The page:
22 Dec December 2017 Newsletter
First and foremost, on behalf of all of our associates I’d like to wish all of our customers and suppliers a Merry Christmas and Happy Holidays as well as best wishes for the New Year.
December 2017 Newsletter
First and foremost, on behalf of all of our associates I’d like to wish all of our customers and suppliers a Merry Christmas and Happy Holidays as well as best wishes for the New Year. As usual, rather than send cards out which quickly end up in a landfill we made a donation to the American Red Cross in honor of our customers.
The year is almost in the books and by most measures it was another good one for construction. As it now looks like Congress will soon be approving a new tax plan that should be the shot of B-12 needed to keep the economy from dipping into a recession in 2018. At least I hope so.
Price increases continue to be announced for many of the products we distribute so I encourage you to read closely below for an in-depth look at pricing trends.
The price for scrap steel moved up by $30/ton on the Chicago Metals Exchange the first week in December, as well as other metal exchanges in the US, and most analysts expect another increase in January by a like amount. Scrap steel prices on foreign exchanges increased by as much as $40/ton and steel billet prices rose by as much as 20% in some foreign markets. Resin manufacturers were able to push through a price increase for polystyrene resin in December and have indicated they will increase prices for other resin types in January.
With the increased demand over the past few months for domestic rebar and as the price for domestic scrap steel increased in December, CMC announced a $25/ton price increase on December 6th effective immediately. Nucor, Gerdau, and other mills in the east and southeast quickly followed CMC’s lead and announced a $25/ton price increase on December 7th. Like CMC’s price increase, the other mills’ price increases were effective immediately. As the price for scrap steel is expected to move up again in January and with the ever decreasing availability of imported rebar, most analysts expect domestic mills to increase prices again in early January. If you have any projects that require rebar consider buying out these jobs before January to avoid paying higher prices.
Due to the worldwide increase in the price of scrap steel and steel billets domestic wire rod manufacturers will increase prices in January. Nucor, Gerdau, and Keystone, three of the largest manufacturers of wire rod in the US, will increase their prices between $45 and $60/ton on January 2nd. Several foreign wire rod manufacturers also announced a price increase of as much as 20% for January orders. As a result of their increased costs for wire rod, concrete reinforcing manufacturers have notified their customers they will increase prices in early January. As of the date of this newsletter, none of the domestic concrete reinforcing wire mesh manufacturers have announced a firm date for their January price increase or notified their customers how much they will increase prices. Most analysts expect the price increase to be between 5-7%. As with rebar, if you have projects which require concrete reinforcing wire mesh, we strongly urge you to buy out these jobs as soon as possible.
Mar Mac Industries announced on December 4th that they will increase prices on their line of Contractor Building Products (imported) on January 1st as follows;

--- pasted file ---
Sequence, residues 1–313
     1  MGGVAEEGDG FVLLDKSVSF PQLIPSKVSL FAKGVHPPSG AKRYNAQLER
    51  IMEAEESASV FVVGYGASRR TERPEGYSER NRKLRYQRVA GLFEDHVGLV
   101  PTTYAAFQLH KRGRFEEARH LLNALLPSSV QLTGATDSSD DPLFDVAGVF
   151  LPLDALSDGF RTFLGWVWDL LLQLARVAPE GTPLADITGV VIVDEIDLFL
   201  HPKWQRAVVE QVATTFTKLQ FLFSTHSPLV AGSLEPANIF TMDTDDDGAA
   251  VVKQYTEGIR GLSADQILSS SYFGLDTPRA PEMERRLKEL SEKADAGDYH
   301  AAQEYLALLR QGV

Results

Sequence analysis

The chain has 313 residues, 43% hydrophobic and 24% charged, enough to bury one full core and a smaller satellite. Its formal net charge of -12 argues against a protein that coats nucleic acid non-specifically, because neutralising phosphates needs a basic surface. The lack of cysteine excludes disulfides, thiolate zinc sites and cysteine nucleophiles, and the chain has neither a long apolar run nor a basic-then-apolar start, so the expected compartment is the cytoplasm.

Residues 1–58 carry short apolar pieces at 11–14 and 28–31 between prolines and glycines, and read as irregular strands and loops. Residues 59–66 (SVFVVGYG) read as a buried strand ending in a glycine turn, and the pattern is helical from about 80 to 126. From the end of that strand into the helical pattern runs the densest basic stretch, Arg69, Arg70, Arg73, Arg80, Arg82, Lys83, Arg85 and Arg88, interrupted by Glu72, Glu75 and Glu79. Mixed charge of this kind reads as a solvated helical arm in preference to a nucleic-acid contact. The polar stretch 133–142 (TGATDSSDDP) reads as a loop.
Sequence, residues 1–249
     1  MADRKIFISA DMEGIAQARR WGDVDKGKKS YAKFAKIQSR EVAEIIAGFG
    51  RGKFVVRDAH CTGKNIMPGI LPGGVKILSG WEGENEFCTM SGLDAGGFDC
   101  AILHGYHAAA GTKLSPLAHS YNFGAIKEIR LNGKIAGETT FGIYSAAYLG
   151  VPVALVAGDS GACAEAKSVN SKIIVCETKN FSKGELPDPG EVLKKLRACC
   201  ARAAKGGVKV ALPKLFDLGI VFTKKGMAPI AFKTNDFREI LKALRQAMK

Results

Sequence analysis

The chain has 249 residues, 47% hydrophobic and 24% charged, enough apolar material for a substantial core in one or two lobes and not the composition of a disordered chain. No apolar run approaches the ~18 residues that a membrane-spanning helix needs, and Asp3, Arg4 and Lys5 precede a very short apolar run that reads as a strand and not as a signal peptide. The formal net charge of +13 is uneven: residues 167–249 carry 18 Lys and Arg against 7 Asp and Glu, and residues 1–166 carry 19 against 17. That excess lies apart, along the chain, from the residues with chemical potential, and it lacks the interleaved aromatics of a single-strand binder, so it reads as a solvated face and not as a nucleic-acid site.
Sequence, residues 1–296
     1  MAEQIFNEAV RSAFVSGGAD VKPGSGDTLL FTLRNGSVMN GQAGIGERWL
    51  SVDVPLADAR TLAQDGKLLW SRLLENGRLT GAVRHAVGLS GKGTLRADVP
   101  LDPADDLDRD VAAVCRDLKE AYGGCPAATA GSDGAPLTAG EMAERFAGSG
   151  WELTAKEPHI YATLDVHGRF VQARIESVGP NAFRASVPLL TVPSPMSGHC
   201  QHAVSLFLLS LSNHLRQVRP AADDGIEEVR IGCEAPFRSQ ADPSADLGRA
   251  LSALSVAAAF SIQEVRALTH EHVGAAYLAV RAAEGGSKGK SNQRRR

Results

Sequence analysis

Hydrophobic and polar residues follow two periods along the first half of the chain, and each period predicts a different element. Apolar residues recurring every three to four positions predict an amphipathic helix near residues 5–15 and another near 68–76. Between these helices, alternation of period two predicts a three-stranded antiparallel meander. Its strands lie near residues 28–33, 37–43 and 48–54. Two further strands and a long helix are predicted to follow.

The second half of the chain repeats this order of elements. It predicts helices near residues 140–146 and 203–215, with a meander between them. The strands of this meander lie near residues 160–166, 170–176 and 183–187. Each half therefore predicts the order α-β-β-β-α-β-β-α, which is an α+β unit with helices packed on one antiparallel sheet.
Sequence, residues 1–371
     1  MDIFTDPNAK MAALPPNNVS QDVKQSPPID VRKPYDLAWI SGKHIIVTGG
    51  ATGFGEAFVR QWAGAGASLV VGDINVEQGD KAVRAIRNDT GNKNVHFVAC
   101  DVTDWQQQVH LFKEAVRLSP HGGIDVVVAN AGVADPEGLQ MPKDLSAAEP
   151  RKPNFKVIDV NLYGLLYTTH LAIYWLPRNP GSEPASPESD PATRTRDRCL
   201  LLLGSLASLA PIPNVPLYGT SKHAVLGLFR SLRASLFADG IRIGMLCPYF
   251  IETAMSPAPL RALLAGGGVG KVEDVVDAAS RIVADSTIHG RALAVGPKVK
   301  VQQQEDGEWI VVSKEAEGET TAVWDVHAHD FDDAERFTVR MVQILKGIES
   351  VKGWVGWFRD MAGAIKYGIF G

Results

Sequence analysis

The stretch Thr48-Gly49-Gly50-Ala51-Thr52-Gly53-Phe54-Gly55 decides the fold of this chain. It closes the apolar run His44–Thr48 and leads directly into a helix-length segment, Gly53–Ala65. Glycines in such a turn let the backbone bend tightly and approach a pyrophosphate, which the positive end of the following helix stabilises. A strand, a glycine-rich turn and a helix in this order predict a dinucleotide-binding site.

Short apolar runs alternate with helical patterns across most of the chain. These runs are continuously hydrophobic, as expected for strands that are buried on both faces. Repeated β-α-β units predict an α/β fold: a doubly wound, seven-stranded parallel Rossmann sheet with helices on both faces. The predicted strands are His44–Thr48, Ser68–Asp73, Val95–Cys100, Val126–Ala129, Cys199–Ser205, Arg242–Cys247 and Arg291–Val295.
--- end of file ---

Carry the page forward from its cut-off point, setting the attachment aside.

Tie Wire – 5%
Anchor Bolts – 10%
Bar Ties – 3%
Dowels – 10%
Merchant Coils – 5%
Nail Stakes – 5%
T Posts – 5%
Several other wholesalers of imported steel concrete accessories have announced price increases of like amounts for January. Keep this in mind when you are bidding projects which require these products.
Carpenter Company notified their customers on December 4th that they will increase prices on their entire line of expanded polystyrene foam insulations by 6% on January 2nd. Several other EPS insulation manufacturers also announced they will increase prices by a like amount in January. Increased raw material costs were cited as the reasons for the price increases by the manufacturers.
Although no manufacturer of extruded polystyrene insulations has announced a price increase, many analysts expect manufacturers to increase prices in the first quarter of 2018 due to their increased costs for resin. Be sure to get a quote from your New South sales representative if you are bidding any projects that specify extruded polystyrene insulation to ensure you will have the correct cost for your bid.
Due to strong demand, prices for Southern Yellow Pine dimensional lumber have risen each week since late November and prices for some sizes are now as much as 10% more than they were in mid-November, though most sizes and lengths are 3 to 5% higher. With several mills in the southeastern US closing down for maintenance the last week in December, prices are expected to increase into early January before leveling off and declining in mid to late January. Lead times are expected to increase for mill direct truckloads from the normal lead time of 10 to 14 days to as much as 3 weeks in January until supply matches demand after all the mills are back on line.
Masonry reinforcing and tie manufacturers have indicated they may increase prices in February or March due to the January wire rod price increase. It will depend on if the January wire rod price increase sticks. If it does, then masonry reinforcing manufacturers will increase prices no later than the first of March. If you are bidding any projects that require masonry reinforcing or ties that will ship after January 31st, be sure to get a quote from your New South sales representative.